Gordon Brown will assert his Blairite credentials on welfare today by pledging to open up back-to-work schemes to the private sector and charities.
The Prime Minister is to signal his determination to use businesses and volunteers alongside state agencies as part of a "carrot and stick" approach to tackling unemployment.
To stop benefits becoming a way of life, would-be claimants will be forced to have a skills test, and then either matched with a job suited to their abilities or offered retraining.
Speaking alongside new Work and Pensions Secretary James Purnell at a conference in central London, Mr Brown will also announce a major expansion of apprenticeships.
And Skills Secretary John Denham will be on hand to outline moves to allow McDonald's and other firms to run A-levels in topics such as running burger restaurants.
The Premier is expected to say: "Every British unemployed and inactive man and women should have a skills check, and to make sure Britain raises its education and skills game to world class, James Purnell will intensify welfare reforms to include compulsion for the unemployed and many inactive men and women not just to seek work but to acquire skills."
He will add: "We will contract with new providers and incentivise them to find innovative ways of helping the long term unemployed and those outside the labour market to move into work.
"Reinforcing this personalised approach will be stronger rights and responsibilities for benefit claimants - new incentives for training but in return more compulsion to take up those opportunities.
"So if the unemployed don't train when given the opportunity it will affect their benefit entitlement."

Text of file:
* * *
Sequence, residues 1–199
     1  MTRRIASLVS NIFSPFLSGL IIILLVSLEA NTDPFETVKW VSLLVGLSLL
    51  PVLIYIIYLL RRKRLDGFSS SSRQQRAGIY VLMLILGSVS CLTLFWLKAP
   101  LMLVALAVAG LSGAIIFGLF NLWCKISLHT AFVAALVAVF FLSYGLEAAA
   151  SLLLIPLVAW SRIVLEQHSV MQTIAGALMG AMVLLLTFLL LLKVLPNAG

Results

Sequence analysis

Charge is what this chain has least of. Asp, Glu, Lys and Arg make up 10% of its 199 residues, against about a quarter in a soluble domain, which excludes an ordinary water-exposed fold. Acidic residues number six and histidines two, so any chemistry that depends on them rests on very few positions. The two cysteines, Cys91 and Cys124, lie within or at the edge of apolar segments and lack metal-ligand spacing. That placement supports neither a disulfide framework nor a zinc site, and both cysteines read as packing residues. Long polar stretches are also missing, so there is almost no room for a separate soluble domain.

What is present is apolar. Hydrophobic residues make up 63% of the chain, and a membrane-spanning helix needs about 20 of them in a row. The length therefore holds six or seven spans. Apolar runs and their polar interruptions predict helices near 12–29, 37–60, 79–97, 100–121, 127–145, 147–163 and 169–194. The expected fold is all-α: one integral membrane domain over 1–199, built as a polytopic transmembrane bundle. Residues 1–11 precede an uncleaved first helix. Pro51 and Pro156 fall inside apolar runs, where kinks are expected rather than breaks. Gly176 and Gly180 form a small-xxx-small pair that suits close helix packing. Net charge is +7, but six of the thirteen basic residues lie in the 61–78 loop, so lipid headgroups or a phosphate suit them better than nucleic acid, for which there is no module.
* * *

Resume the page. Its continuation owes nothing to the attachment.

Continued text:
Mr Brown will tell the event that there was a global "skills race", and the number of unskilled jobs in the UK would plummet.
To prevent young people moving on to welfare, one in five under-21s should be undertaking an apprenticeship within a decade.
Detailed measures will be unveiled in the coming days, including moves to encourage Government contractors to create training posts and subsidies for small businesses.
Mr Purnell said the Government had "a moral obligation" to look at innovative approaches to welfare.
Mr Purnell, who took over after Peter Hain resigned last week, told BBC1's Andrew Marr programme: "We are bringing in a major programme of reform...because a life lived without work is not a life fulfilled."
"We don't want the welfare system to become a way of life, that is the big difference between now and the way the system used to work," Mr Purnell said.
"The big reform which I want to bring is is to look at how we can use the private sector, the voluntary sector as well as the public sector to help people get into work because if they can bring in innovation, a new approach, it's our moral obligation to make sure we get the best service for people in that situation."